Maintenance window scheduled to begin at February 14th 2200 est. until 0400 est. February 15th


Forgot Password?

    Or login with Facebook

    Rangers Represent the “Rock” at Best Ranger

    Marne Soldiers Compete for the title of Best Ranger

    Photo By Sgt. Calab Franklin | 1st Lt. James Kinsey (right) and Staff Sgt. Duane Wilson (left) of 2nd Combined Arms...... read more read more

    This is a personal commentary of my experience at the 2018 David E. Grange Jr. Best Ranger Competition (BRC) and does not reflect the opinions of the U.S. Army.

    I had the chance to follow three Ranger buddy teams from 3rd Infantry Division while they competed against the U.S. Army’s top Rangers during the 2018 David E. Grange Jr. Best Ranger Competition April 13-16, at Fort Benning, Georgia.

    The Best Ranger Competition is a three-day event hosted annually at Fort Benning by the Airborne and Ranger Training Brigade. This year’s competition marked it’s 34th year.

    If you aren’t familiar with BRC, it is widely regarded as one of the toughest, most physically demanding competitions in the world.

    This year was no exception with a field of 102 highly skilled Ranger-qualified Soldiers battling through 16 events, all in the hopes of earning the title as Best Ranger.

    Since 1982, Rangers have devised the most difficult, challenging obstacles to determine which teams are the best.

    While at the competition I got the chance to ask our competitors a few questions about their experience.

    1st Lt. Colton Giordano, a platoon leader with 3rd Combined Arms Battalion, 15th Infantry Regiment, 2nd Armored Brigade Combat Team, 3rd ID, said that every year the competition gets tougher and that they were very disciplined in their training program. He added that even though they were as prepared as they could be, a  60-hour event with no scheduled food or sleep will challenge even the strongest and most prepared.

    The three Marne Division teams were Capt. Dustin Lawrence and Staff Sgt. Michael Danielson of Task Force 1-28 Infantry stationed at Fort Benning (team three), 1st Lt. Andrew Irwin and 1st Lt. Colton Giordano of 3-15 Inf. (team four), and 1st Lt. James Kinsey and Staff Sgt. Dane Wilson of 2nd Combined Arms Battalion, 69th Armor Regiment, 2nd ABCT( team 52).

    Capt. Lindol Adkisson, an operations officer in 3-15 Inf., and coach of the Fort Stewart-based Ranger teams said, “That this year’s teams performed exceptionally well and held their own against teams with more competition experience. This spoke volumes of their commitment, character, and personal drive to him.”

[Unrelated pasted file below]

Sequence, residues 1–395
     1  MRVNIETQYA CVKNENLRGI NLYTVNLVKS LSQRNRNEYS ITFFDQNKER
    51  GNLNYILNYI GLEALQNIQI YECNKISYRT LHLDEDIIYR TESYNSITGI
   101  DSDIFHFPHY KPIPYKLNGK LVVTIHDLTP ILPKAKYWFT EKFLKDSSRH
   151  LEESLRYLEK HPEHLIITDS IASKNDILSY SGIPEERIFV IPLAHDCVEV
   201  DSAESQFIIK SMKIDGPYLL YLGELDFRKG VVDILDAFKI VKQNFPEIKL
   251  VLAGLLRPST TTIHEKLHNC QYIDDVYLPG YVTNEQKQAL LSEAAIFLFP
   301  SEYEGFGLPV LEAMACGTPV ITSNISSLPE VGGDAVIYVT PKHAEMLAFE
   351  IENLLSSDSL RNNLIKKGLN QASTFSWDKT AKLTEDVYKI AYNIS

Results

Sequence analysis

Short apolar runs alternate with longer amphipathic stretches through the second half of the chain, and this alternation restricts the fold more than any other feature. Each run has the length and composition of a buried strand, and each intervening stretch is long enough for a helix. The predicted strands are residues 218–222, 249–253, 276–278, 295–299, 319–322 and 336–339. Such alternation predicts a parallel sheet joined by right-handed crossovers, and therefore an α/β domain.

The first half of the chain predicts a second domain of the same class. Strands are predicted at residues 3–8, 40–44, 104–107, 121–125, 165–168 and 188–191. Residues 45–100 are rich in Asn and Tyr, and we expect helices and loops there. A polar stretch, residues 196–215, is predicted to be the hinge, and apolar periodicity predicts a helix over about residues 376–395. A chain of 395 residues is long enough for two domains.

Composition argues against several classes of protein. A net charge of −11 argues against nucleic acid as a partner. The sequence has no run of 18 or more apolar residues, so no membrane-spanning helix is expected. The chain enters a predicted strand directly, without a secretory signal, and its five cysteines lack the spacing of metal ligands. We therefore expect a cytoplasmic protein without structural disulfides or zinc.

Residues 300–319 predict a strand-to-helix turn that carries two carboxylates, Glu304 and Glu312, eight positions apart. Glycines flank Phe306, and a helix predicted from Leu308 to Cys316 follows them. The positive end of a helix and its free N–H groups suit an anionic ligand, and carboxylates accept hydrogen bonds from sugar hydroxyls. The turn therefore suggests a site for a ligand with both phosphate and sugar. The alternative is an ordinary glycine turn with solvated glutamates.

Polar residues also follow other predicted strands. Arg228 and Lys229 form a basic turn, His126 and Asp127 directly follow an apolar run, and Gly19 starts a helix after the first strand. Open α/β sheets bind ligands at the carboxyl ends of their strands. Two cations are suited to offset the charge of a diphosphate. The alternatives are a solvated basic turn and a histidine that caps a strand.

Competitors were assessed during several events on day one of the competition to include a buddy run, a body armor run, obstacle courses, weighted carries, swimming, weapon ranges, night stakes and more.

    After a night of marching on the first day, all three Marne teams made it through the first cut.

    On day two of the competition, the teams competed in day stakes and a Spartan Sprint race. Unfortunately, Kinsey and Wilson of team 52, suffered an injury and were unable to continue the competition.  

    After the day stakes, the 24 teams were cut down to 16, and those teams were flown by helicopter to Camp Merrill, near Dahlonega, Georgia, where they performed night orienteering. They then returned by bus to Camp Darby located at Fort Benning to compete in the Darby Queen obstacle course.

    Giordano admitted that even though they had a very good feel for the competition prior to starting, it was a very humbling 60 hours. He said he thinks they had unforeseen highs and lows at different points in the competition, but teamwork always got them through.

    When weather forced the cancellation of the helocast event, the teams were bused from Camp Darby to Victory Pond for the completion of the water confidence course and buddy run.

    Each team crossed the finish line where the competition began three days earlier with their rifles and their heads held high.

    The Marne Division teams finished at 15th and 16th place out of 51 teams.

    On another note, for those of you wondering why there was a team 52 when 51 teams competed, it is a BRC tradition dating back to the beginning of the competition that no team be assigned team 13.   



    Date Taken: 04.23.2018
    Date Posted: 04.23.2018 18:45
    Story ID: 274184
    Location: FORT STEWART, GA, US 

    Web Views: 230
    Downloads: 1